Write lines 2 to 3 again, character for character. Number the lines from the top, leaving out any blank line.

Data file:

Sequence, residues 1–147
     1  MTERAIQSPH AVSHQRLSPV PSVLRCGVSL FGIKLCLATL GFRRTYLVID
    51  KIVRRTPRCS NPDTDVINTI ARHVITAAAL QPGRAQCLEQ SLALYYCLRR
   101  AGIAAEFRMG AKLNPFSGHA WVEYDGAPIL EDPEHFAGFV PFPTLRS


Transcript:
     1  MTERAIQSPH AVSHQRLSPV PSVLRCGVSL FGIKLCLATL GFRRTYLVID
    51  KIVRRTPRCS NPDTDVINTI ARHVITAAAL QPGRAQCLEQ SLALYYCLRR